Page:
North Charleston is hiring a homelessness coordinator. Proponents say more resources are needed. | New
NORTH CHARLESTON — Along Tanger Outlet Boulevard, construction continues on the 72-bay Topgolf facility, which is expected to be a premier entertainment venue. Next to this site, land has been cleared for a $200 million mixed-use development that will include apartments, hotels and restaurants.
In a small wooded area across the street, cardboard boxes help create a makeshift home in an encampment for those who have nowhere to live.
Juxtaposition is becoming an increasingly common site in North Charleston, the state’s third-largest municipality. As the city continues to grow, so does its homeless community.
To address the issue, North Charleston recently hired a homelessness coordinator who seeks to connect homeless people with resources, such as mental health care and identification, indicating to some a city effort to resolve the problem. However, the effort is drawing mixed reactions from homelessness advocates who applaud the decision but say few resources are being devoted to the issue.
Proponents say hiring a coordinator should only be a first step. They hope the city will engage in other solutions, such as creating a shelter. There is no homeless shelter in North Charleston.
“It’s great,” said Aaron Comstock of Uplift Charleston, a group that has for years organized weekly distributions of food, clothing and hygiene items. “But are they going to be active in creating spaces for the homeless, like a shelter?”
North Charleston, home to over 100,000 people, has long had a large homeless population.
The latest point-in-time count, conducted in 2020, indicated that there were 4,287 homeless people in South Carolina. The report concluded that 323 people in Charleston County were homeless, a slight increase from 318 unsheltered in 2019.
Although there are no reports for 2021 and 2022, elected officials and advocates say the homeless population is growing and becoming more visible as new developments move tent communities to more visible areas. .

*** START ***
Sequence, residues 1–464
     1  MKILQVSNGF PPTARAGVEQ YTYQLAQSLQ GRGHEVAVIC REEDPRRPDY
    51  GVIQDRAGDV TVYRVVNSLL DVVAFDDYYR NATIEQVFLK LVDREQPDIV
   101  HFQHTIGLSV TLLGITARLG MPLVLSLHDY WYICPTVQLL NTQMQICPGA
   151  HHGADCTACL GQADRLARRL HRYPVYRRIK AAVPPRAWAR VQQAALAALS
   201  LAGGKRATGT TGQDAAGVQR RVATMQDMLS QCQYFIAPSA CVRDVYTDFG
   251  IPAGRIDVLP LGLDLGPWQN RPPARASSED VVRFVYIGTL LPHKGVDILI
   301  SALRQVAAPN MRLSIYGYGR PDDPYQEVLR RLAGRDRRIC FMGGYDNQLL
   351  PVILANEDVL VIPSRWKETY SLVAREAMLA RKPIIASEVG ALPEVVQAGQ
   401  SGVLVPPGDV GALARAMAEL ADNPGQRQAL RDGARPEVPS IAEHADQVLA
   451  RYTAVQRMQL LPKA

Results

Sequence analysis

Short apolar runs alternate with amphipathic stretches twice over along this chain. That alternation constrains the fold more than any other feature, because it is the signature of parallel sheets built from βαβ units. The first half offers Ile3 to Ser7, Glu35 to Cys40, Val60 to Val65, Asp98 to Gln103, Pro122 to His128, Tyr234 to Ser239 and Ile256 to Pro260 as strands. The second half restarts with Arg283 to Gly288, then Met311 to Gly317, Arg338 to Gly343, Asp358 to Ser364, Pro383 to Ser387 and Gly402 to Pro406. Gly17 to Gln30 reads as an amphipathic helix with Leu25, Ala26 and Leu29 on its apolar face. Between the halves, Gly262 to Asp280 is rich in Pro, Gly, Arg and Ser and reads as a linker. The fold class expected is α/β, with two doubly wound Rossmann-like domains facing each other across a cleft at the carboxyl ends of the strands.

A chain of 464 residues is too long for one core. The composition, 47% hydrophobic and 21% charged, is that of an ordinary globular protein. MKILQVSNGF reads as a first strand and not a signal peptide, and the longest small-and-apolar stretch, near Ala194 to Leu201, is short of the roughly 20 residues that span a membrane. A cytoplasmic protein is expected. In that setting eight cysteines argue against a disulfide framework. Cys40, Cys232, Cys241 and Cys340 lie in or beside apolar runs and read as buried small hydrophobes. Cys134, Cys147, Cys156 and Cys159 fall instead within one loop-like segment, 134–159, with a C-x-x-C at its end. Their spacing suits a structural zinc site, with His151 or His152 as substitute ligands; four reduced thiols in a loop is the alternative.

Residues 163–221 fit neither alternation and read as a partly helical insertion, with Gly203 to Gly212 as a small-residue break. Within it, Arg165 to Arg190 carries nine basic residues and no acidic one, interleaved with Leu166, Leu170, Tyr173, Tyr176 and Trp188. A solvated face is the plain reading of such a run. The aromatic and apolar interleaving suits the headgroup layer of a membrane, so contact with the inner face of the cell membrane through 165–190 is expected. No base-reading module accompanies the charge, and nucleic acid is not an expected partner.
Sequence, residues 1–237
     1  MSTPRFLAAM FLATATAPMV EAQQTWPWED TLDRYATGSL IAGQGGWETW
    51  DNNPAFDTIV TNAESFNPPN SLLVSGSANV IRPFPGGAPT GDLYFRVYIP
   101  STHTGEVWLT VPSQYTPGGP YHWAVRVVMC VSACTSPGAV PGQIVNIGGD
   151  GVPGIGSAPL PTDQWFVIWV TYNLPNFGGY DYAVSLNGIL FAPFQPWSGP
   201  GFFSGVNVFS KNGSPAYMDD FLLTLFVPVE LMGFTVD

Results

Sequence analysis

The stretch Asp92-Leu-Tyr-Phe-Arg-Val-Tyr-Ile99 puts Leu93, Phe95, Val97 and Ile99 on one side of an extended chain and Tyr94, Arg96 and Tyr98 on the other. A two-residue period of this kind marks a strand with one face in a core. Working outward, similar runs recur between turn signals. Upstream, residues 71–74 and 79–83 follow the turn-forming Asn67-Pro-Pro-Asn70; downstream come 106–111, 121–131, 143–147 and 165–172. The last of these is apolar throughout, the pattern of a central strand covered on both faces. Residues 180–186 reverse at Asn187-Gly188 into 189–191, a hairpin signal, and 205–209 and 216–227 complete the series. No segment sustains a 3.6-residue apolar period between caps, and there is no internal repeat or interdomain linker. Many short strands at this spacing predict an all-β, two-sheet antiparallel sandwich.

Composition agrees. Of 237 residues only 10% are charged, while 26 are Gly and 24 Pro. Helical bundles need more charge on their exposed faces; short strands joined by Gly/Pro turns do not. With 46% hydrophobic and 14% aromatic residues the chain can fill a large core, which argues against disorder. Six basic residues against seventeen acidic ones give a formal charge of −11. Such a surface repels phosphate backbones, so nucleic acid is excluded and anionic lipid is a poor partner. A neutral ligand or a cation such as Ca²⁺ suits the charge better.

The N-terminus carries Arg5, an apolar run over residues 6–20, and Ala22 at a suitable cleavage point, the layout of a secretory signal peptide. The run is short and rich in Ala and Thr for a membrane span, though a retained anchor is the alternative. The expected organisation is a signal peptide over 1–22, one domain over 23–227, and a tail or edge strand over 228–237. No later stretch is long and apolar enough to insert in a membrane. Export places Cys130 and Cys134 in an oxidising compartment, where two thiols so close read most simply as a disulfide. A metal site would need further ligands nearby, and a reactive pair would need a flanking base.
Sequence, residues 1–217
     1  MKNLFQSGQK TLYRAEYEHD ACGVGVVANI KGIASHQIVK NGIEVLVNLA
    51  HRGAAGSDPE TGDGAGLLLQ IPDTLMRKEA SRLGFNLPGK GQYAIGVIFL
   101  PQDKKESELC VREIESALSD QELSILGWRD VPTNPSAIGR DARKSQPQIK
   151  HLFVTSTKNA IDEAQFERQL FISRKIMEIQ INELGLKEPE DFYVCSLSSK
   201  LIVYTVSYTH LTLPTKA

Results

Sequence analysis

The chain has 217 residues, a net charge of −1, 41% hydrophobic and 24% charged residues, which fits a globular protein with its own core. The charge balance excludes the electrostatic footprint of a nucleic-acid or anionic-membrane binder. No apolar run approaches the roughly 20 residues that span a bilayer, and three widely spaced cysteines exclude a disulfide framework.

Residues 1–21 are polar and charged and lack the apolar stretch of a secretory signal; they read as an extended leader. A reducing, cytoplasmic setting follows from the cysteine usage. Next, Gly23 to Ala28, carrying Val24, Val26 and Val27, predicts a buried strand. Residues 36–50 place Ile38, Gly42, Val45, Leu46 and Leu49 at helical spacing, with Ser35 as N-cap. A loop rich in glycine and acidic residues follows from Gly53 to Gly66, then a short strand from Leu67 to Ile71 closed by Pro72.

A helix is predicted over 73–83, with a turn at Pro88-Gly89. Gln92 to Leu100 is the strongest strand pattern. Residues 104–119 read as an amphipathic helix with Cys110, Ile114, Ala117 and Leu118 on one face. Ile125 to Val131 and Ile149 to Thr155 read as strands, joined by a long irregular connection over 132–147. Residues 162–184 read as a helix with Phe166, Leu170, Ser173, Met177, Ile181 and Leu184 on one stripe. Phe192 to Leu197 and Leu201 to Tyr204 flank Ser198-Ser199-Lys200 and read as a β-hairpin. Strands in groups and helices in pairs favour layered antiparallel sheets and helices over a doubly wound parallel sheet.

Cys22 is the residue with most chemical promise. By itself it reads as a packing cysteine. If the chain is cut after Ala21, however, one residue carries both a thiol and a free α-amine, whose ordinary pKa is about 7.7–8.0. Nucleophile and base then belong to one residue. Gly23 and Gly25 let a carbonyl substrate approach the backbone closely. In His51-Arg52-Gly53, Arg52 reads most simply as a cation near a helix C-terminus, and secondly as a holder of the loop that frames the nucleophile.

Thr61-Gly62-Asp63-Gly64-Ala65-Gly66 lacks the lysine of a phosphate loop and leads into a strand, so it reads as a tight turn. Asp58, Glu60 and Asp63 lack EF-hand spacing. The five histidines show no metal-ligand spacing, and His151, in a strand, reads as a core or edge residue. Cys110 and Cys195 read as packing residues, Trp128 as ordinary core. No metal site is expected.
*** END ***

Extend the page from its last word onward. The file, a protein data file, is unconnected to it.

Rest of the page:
New projects on Tanger Outlet Boulevard, for example, camps for displaced homeless people who resided on previously undeveloped property, Councilman Michael Brown said.
Rising housing costs, job loss and mental health issues are a few factors that homelessness advocates say are contributing to the rise in homelessness.
The problem has long been visible in some sections of North Charleston, such as along the southern section of Rivers Avenue near the CARTA Superstop at Cosgrove Avenue. There, the former United Methodist Cherokee Place served as a hub for social services.
Some homeless people live largely out of sight in their encampments, like the one behind the Walmart Supercenter on Rivers Avenue. This place is among several well known to police, elected officials and residents.
The new town coordinator, Brandon Lilienthal, has the experience necessary for the task at hand. Lilienthal, a Burke High graduate who earned a master’s degree in rehabilitation counseling from South Carolina State University, previously held a similar position at the Charleston Dorchester Mental Health Center. The North Charleston position was created based on an executive decision by Mayor Keith Summey, who told a city council meeting months ago that Lilienthal had been hired to help the city figure out what she can do “to help (the homeless) move beyond where they are.”